Quality Timekeeping Since 1854

Our roots date back to 1854 in Waterbury, Connecticut, a time when
how you made something was just as important as what you made.

1854

Waterbury Clock Company Opens in Brass City
While Waterbury boomed with brass, we added American ingenuity to
European clockmaking. The result was mass-production 40 years before
the Model T and a $6 clock almost everyone could afford.

1901

The Watch that Made the Dollar Famous
In 1895 five pounds of candy cost 35 cents, and one dollar got you the
Yankee pocket watch. By the turn of the century, over six million were sold.
Even Mark Twain was a fan.

1914 - 1936

A Twist of the Wrist
It was a simple idea, but it changed everything. Move the stem from 12 o'clock to three and
weld on loops to hold a strap. By 1914 most of the world no longer kept time in their pocket.

At the 1933 Chicago World's Fair, you could see bullet trains, airships, and Mickey Mouse tell time.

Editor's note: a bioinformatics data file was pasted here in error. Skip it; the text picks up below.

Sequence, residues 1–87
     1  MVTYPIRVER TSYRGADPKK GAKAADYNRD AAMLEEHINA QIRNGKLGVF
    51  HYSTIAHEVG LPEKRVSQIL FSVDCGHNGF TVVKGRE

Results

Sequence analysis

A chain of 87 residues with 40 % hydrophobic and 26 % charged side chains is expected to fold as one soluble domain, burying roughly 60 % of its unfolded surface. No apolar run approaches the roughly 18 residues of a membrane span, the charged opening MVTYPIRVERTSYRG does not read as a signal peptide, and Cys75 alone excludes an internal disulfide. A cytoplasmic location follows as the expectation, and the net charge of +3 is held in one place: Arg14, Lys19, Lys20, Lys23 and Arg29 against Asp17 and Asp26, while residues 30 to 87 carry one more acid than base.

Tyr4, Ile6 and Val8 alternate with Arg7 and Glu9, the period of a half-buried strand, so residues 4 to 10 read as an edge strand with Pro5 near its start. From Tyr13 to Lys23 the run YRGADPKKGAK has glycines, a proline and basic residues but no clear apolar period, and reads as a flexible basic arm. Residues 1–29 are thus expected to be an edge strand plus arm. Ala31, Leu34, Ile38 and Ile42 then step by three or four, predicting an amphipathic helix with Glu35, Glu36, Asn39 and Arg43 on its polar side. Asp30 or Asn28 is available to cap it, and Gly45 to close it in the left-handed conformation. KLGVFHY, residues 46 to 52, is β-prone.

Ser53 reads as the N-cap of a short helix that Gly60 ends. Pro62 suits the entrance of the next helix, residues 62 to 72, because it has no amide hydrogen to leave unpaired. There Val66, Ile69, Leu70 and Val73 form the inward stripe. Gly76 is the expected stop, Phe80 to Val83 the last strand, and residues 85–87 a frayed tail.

Within three years, Mickey Mouse was the official timekeeper of two million children.

1950

Quality is Now Affordable
In 1950, Timex brand watches arrived with the V-conic,
the first high-quality mass produced watch movement.
At the end of the decade, every third watch sold was a Timex.

1958

Takes a Licking and Keeps on Ticking
We did everything imaginable to destroy our watches on
live television each week, proving Timex takes a licking and keeps on ticking.

1984 - 1992

The Undisputed Favorite [or Bright Ideas]
In 1984, we took the clock off the finish line, and put it on your wrist to create the world's first sports watch.
TIMEX® IRONMAN® became your coach, your motivation and a symbol of your dedication.
Together, we've crossed nearly every finish line in the world.

In 1992, The INDIGLO® night-light changed the face of time. Our signature blue backlight revolutionized the way the world reads time in the dark.